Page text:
The Dying of the Light, A Lesson in Life


“We, all of us, bound by this common origin, composed of elements forged in the nuclear cauldrons of long-dead stars, look up at the stars and, in humility, connect with each other, fellow travelers on this magnificent blue oasis”

Author Unknown


I learned a remarkable lesson in life this past Monday, 13th June. I share this because it speaks to much of what I’ve written about since the inception of this blog last year. The experience I’m going to describe has changed me forever.

In Carl Sagan’s Pale Blue Dot, he speaks of the pursuit of Astronomy as a humbling and character building experience; in reflecting on my experience of this past week, those words have a much deeper and more profound meaning now than they ever did. My choice of Astronomy as a lifelong pursuit has been a great source of inspiration for me and has taught me things you simply can’t learn in a textbook, that we are truly small and are here as a fortunate accident and a whim of nature, that there really isn’t a greater power looking after us, so we must look after each other.

I realized this in a flash of insight later, remembering how I returned to a conscious state to find the doctor holding my head in his hand, examining me, looking into my eyes, open with nothing and no one there, an empty shell devoid of any sentience, eyes wide open. I use the term “conscious state” as that is the closest our feeble language can come to describe what happened generally and what happened specifically, to that entity that is “me”. We all have been unconscious; we’re unconscious, well most of us anyway, at least 6, possibly 8 hours out of 24 each day. We go to bed, close our eyes, fall asleep and wake up the next morning, well the fortunate ones do.

I know what its like to fall asleep and to wake up; I’ve been doing it for over 60 years. What happened to me on Monday was nothing like that, nothing. I was here one instant and gone the next, like a switch that was flipped off. Nothing, its as though time stopped and I returned to my body, unaware of anything. While giving blood for a routine medical exam, I began to feel faint and vaguely nauseous and told the attendant. They helped me up to start the 3 meter walk to the recliner but I never made it; I collapsed and was gone. Five  minutes later, I “returned” to find the doctor holding my head in his hand, my body on the floor, eyes never closing. I have no recollection of falling, just “returning”, not “waking up” as I wasn’t asleep; I was gone as though time had stopped. When I finally regained my senses and reason, I was changed; I was filled with a deep sense of peace and humility and the certain knowledge that there is nothing beyond this life. Was this a “near death” experience or was I dead for 5 minutes? I don’t know but my doctor told me I experienced a “seizure”.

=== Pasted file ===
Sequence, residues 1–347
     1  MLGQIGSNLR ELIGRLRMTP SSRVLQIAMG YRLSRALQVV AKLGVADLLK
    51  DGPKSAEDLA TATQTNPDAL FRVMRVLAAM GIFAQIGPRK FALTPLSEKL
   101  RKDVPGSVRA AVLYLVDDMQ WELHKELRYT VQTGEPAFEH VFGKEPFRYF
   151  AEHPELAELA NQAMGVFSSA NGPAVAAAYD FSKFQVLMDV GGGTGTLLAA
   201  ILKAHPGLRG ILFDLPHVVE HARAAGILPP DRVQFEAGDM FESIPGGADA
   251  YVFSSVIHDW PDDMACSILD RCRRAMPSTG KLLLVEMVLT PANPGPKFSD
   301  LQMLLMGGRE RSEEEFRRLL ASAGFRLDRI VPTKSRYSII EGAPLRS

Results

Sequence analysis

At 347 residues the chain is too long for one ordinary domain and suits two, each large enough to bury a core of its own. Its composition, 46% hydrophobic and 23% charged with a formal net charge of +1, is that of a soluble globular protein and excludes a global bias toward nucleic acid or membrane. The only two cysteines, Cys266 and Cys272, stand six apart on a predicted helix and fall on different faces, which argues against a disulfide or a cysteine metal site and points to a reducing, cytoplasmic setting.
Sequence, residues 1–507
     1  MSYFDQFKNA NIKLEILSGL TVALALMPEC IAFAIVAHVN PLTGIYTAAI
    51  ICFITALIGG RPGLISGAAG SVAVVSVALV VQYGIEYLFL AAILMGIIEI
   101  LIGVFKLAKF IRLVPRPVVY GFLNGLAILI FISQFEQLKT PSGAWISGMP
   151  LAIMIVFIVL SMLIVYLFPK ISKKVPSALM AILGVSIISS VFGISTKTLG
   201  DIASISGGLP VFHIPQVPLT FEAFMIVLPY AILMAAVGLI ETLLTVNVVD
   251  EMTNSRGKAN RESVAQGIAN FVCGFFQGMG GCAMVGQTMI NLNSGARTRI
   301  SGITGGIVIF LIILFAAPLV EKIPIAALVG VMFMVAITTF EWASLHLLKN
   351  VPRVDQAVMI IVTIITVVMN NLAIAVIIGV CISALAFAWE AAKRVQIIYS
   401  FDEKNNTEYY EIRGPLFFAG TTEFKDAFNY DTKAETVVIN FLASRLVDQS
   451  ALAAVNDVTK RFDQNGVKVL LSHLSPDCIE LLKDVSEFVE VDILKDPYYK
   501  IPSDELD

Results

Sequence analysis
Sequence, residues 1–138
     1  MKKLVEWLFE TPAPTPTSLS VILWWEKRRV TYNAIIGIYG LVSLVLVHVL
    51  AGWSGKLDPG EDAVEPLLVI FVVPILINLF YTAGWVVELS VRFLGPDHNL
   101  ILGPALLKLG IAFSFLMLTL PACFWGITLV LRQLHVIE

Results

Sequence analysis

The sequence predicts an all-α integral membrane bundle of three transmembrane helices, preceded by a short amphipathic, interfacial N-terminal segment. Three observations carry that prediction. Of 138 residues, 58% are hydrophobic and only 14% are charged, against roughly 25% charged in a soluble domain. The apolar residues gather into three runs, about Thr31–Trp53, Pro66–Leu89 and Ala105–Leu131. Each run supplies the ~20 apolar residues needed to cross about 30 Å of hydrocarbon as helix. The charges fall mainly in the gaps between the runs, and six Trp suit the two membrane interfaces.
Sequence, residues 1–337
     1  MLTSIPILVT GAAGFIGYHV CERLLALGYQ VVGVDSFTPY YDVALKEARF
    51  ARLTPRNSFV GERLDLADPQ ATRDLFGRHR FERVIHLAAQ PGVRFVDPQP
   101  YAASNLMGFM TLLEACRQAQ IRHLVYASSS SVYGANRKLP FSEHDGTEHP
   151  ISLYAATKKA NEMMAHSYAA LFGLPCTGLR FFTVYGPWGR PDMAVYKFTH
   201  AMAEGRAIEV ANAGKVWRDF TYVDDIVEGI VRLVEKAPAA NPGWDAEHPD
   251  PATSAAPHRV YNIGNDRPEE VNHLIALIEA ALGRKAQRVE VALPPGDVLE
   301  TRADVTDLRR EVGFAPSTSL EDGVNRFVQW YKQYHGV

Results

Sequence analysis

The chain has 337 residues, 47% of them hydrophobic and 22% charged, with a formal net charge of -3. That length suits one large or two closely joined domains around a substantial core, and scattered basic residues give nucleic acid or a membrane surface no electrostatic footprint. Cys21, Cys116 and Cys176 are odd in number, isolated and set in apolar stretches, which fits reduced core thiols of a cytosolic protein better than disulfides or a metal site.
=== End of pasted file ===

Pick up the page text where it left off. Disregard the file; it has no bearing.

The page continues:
Why do I share this deeply personal story? Because I wish to share the lesson I learned. Be kind to each other; treat everyone you meet the way you would want to be treated; be slow to anger and quick to forgive. When you’re gone, what will your legacy be? No one will remember how much money you had or how many cars you owned or the size of your house or their number, nor will they care; they will remember one thing, and one thing only, how you treated them and each person you met. Much can be said of a person’s character and how they behave in the moments they believe no one is watching them. May each encounter be as though it is the last with that person; approach each meeting this way, with the realization that you may never see that person again.

All our science, measured against reality, is primitive and childlike-and yet it is the most precious thing we have

Imagination is more important than knowledge 585px-Albert_Einstein_signature_1934(invert)
An index of all articles in this blog can be found here.


4 thoughts on “The Dying of the Light, A Lesson in Life

  1. Mine happened, just four months ago, in front of the yogurt section at the local major supermarket. I “woke up” the next morning in the emergency room of one of the local hospitals. With pretty much the same feeling … Live for Today, you may not get a Tomorrow …

    Liked by 1 person

  2. Thank you for sharing your experience, Floyd; what were your immediate thoughts upon returning? Agree with you completely, live for today as you may not get another tomorrow. Are you ok now and are you concerned about a recurrence? Were there any symptoms leading up to your collapse?


  3. You speak ignorantly about the most precious findings one can have in life. Sorry, but many people would tell you that you are missing everything. All free thinkers are. How much time do you still have to find it? Twenty or if you are very lucky a little more years?


    1. This was about a life event that I experienced and the resulting gain in insight. Aside from imagination, unless one experiences what I did, they really have no standing to comment as you did. It wasn’t an opinion but a deep realization. You declared, quite dogmatically, that I’m ignorant when, by any measure, much of what I wrote would have been considered valuable or, perhaps, even insightful by most people. How, exactly, were my comments ignorant?


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